Fantasy Mystery Comics Non-Fiction Fiction

Shores of Desire

Tuesday, February 20, 2018

Shores of Desire (1997) Tracy Grant

Set in Europe in 1815

Robert Lescaut is a French colonel and spy, who has come to Scotland to try and discover who killed his wife–a woman he believed was a Scottish Blair.

Emma Blair is tired of the feuding between the Blairs and Lauders, so when Captain Robert Melton suddenly appears, she accidentally drags him into her troubles, trying to keep peace between the two families.

As I’ve said before, the third character in this story is the war with Napoleon, and I find these historical bits fascinating. (And also terribly depressing.)

(A)n afternoon filled with horrors the like of which Emma had never seen. They went out into the streets, armed with scissors and lint and bandages and flasks of water and brandy. The wounded lay everywhere. It was more than twenty miles to Quatre Bras and some men had walked the entire way, their uniforms encrusted with blood and dirt. Others too ill to stand were brought in in carts and wagons. Now that a crisis was at hand, the people of Brussels responded with compassion and efficiency. As did the English ladies of fashion. Every house was open, but many soldiers were forced to lie in the streets, some on straw pallets, some on the cobbled stones.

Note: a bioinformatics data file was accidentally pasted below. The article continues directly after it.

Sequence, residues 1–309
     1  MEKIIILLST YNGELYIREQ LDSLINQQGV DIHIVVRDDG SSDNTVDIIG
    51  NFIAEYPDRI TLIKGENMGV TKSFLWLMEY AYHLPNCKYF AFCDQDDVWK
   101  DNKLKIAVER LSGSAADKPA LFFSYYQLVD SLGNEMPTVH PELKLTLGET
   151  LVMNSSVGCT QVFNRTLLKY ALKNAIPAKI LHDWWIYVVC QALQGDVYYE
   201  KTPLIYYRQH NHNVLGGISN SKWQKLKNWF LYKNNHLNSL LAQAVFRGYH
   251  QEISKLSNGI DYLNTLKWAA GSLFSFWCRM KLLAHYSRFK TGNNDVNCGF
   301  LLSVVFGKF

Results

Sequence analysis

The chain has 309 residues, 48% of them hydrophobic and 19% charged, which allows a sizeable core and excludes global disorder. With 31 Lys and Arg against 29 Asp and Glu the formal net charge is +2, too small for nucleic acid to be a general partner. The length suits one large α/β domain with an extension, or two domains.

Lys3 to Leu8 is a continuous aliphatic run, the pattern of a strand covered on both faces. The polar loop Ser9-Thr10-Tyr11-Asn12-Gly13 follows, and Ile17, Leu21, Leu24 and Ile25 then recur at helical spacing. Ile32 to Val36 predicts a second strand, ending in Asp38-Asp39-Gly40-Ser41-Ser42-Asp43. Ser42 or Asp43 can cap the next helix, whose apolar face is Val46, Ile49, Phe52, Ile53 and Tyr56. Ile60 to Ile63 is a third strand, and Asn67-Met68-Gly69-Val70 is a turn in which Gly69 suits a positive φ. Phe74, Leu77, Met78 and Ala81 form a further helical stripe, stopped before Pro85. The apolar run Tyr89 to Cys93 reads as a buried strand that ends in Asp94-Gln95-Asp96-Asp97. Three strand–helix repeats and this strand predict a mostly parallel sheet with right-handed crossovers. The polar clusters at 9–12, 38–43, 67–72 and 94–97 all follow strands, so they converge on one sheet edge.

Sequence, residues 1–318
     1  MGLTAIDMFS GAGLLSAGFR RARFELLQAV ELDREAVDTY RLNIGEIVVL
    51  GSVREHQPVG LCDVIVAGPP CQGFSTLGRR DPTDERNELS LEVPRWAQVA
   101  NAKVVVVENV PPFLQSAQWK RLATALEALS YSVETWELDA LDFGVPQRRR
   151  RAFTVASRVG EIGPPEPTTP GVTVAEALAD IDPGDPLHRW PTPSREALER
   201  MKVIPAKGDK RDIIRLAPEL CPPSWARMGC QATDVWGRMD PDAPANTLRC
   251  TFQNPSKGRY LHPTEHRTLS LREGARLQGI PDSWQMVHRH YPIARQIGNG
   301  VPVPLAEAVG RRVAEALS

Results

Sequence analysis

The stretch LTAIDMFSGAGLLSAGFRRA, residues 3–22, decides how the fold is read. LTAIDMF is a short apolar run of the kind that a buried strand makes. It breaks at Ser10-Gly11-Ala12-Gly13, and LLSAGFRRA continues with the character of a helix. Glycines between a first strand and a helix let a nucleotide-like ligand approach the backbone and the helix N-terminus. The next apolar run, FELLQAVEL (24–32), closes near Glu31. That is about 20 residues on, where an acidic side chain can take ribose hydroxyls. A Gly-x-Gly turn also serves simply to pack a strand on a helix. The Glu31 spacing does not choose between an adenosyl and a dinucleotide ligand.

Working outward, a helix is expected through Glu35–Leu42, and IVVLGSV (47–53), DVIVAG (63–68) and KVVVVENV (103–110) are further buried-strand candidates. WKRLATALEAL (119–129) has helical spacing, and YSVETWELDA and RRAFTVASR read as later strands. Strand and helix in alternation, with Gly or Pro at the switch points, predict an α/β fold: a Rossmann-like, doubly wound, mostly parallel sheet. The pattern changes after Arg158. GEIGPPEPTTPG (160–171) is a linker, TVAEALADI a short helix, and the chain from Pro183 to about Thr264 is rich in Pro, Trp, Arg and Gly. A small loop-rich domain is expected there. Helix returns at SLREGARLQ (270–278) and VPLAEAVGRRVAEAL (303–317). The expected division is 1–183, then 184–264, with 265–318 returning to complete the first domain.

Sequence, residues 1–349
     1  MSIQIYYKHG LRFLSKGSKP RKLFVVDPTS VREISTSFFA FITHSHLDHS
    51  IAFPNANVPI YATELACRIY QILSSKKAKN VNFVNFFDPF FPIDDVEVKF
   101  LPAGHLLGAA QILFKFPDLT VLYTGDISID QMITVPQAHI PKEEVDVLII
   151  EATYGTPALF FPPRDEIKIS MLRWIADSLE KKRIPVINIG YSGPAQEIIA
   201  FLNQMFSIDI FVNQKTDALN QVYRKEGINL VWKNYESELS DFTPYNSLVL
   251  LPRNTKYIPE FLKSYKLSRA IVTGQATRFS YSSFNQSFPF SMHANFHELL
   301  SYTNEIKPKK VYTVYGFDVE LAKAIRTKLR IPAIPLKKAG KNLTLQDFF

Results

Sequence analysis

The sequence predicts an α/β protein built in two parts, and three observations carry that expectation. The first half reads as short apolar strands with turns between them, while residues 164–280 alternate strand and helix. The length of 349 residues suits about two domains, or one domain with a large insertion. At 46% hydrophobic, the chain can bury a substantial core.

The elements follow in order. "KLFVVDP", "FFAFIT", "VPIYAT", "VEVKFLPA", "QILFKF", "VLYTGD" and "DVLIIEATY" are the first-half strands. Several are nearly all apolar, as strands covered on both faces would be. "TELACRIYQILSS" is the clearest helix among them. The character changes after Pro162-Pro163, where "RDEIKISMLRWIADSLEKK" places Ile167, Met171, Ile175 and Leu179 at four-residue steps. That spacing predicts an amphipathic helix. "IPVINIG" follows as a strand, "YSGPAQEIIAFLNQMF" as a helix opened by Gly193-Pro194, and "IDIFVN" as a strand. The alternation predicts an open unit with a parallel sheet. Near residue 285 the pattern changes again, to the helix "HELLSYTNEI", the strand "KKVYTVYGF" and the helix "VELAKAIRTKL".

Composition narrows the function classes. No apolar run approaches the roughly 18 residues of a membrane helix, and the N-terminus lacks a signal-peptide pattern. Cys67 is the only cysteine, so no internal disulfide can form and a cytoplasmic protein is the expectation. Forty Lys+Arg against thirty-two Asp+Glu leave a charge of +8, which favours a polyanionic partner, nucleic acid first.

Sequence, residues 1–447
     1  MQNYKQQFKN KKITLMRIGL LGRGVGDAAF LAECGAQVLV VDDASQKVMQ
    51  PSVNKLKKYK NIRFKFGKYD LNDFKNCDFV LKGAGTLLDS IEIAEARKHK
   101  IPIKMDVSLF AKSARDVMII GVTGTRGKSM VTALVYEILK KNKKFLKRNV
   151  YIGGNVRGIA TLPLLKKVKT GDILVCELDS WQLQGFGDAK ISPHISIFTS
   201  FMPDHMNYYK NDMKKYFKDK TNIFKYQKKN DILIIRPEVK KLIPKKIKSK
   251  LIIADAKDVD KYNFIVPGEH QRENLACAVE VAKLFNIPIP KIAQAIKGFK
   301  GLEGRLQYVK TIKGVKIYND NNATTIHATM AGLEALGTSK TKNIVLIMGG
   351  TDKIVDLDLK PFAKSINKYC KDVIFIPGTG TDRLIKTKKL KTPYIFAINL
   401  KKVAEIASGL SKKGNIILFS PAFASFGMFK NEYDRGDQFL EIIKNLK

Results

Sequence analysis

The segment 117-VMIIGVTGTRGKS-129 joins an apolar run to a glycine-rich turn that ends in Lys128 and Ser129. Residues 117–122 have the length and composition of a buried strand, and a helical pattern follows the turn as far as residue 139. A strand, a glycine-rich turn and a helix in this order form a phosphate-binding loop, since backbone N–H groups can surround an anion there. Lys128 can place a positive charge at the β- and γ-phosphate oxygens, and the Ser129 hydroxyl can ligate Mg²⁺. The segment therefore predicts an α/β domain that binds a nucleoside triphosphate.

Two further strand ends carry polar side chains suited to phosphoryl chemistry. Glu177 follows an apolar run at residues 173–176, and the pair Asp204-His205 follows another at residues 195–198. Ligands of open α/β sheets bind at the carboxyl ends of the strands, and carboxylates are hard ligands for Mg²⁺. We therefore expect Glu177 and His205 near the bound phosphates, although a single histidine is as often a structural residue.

The Frenchies came at us in waves. The corn was high, you know, as high as a man’s head. We could hardly see them ’til they were on top of us. And their guns kept pounding us all afternoon. The 79th took the worst of it, but we all fought like the devil was after our souls.

Eighteen hours of pelting rain had flattened the high-standing rye and turned the fields into a sea of mud. It had been near midnight before the troops were bivouacked for the night, drenched, tired, hungry, and dispirited. Many of the soldiers had arrived barefoot, their boots and shoes sucked into the mud on the slow march from Quatre Bras. There was no shelter. Officers and staff occupied the few farms and huts that could be found. No fire would burn, no musket would fire. Scarcely a shot had been exchanged the entire day.

That doesn’t mean the romance and mystery aren’t good, because they are very good. But I find the historical bits extra fascinating.
Rating: 8.5/10

Publisher: NYLA

Categories: 8/10, British, Historical, Mystery, Re-Read, Romance, Sexual Content     Comments (0)    

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